In 2010, the UN SG launched the “Global Strategy for Women’s and Children’s Health”. The “Every Woman Every Child” (EWEC) Initiative generated new attention and investment to address some of the most neglected causes of women’s and children’s mortality. After decades of neglect, newborn health came eventually on top of the agenda to culminate with the launch in 2014 of a multi-stakeholders’ action plan “Every Newborn: an action plan to end preventable deaths” (ENAP), with two goal of ending preventable newborn deaths and stillbirths.
To guide the implementation of the identified actions for newborn health a global “ENAP Management Team” has been set up and is co-chaired by UNICEF and WHO. The group has identified 28 focus countries (eight of which are in the East and Southern African (ESA)) region for specific monitoring, mainly on the basis of their high burden of neonatal and maternal mortality. It has four working groups focusing on: (1) advocacy; (2) country implementation; (3) indicators; and (4) research.
Since the launch of the ENAP in 2014, several guidelines and recommendations have been launched and management of other aspects of newborns has been updated. These include: improving the outcomes of preterm birth, the WHO application of ICD-10 to deaths during the perinatal period: ICD-PMs, Making Every Baby Count: Audit and review of stillbirths and neonatal deaths, WHO recommendations on antenatal care for a positive pregnancy experience, guidelines spanning the continuum of maternal health care, quality of MNH care standards, management of possible serious bacterial infections (PSBI) in sick young infants when referral is not possible and the essential intrapartum care guidelines among others. Additional information on how to address the Zika virus disease has also been provided.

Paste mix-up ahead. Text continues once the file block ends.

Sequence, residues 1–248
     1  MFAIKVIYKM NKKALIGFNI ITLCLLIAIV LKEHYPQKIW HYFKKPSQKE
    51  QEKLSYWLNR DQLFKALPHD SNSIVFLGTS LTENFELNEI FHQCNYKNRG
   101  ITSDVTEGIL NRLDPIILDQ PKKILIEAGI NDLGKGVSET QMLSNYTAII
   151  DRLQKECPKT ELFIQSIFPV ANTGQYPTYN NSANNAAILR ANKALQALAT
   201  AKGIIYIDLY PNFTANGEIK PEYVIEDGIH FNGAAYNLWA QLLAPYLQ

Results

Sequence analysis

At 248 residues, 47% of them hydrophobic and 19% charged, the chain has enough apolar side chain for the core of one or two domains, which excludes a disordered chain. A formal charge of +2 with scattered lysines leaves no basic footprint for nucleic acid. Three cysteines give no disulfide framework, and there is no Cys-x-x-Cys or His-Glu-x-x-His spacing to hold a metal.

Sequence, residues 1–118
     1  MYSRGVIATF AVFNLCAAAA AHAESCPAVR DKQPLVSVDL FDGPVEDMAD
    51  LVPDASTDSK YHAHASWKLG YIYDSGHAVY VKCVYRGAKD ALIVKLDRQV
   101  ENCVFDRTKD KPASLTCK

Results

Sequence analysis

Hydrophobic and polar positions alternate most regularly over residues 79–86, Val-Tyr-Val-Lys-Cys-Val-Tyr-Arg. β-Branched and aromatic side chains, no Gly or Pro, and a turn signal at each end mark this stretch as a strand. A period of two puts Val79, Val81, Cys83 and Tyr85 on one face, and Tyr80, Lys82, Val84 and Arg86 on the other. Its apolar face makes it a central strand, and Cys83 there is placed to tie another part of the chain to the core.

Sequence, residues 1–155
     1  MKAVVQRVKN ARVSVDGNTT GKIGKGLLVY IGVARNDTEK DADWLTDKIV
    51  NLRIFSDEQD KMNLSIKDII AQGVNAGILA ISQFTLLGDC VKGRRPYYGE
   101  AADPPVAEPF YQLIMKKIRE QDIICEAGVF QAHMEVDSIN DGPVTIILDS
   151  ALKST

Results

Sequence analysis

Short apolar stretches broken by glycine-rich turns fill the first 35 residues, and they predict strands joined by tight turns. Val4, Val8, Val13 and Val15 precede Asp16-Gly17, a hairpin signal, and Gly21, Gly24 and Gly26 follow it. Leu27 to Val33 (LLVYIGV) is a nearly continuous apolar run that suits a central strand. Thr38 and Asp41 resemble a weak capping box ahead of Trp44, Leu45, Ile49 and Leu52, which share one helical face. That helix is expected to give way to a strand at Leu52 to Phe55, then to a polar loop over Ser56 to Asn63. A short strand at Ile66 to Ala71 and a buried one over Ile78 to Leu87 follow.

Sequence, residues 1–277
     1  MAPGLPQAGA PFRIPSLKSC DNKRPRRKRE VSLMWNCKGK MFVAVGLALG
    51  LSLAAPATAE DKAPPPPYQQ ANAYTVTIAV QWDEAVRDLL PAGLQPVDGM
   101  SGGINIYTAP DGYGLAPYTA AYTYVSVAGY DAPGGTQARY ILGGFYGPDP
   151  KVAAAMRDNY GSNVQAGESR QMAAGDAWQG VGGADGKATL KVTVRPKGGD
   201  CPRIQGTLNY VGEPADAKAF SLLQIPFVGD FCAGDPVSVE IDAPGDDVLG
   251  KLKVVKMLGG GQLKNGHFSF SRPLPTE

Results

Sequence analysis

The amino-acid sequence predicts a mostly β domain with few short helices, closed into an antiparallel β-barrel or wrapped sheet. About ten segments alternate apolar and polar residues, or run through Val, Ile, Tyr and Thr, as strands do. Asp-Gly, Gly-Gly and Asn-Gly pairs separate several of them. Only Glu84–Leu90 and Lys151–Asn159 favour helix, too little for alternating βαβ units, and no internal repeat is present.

All these guidelines and standards are aimed at improving care for the newborn, reduce inequity and ensure that ‘no newborn is left behind’. Whereas some of the guidelines have been disseminated, this has not translated into uptake by many countries. One of the main reasons for the poor uptake of the guidelines has been identified as poor performance of the health systems due to insufficient leadership, poor quality of care and inadequate finances to implement them to scale. In addition to these causes, neonatal health has still not received the attention it requires, including for the special groups like the preterm and in emergency settings.
It is for this reason that WHO/AFRO in collaboration with UNICEF and USAID propose to hold a Regional interagency meeting on Neonatal Health. The meeting will be held in Entebbe. Uganda from 19 -22 September 2017. The theme for this meeting is Scaling up access to quality care for newborns. Participants to this meeting will be drawn from Ministries of Health, UNICEF, UNFPA, USAID, ECSA, EAC, SADAC, and other major development and implementing partners in the sub-region. Participants will be drawn from the Angola, Botswana, Burundi, Comoros, Eritrea, Ethiopia, Kenya, Lesotho, Malawi, Mozambique, Madagascar, Namibia, Rwanda, South Sudan, South Africa, Somalia, Swaziland, Tanzania, Uganda, Zambia, and Zimbabwe.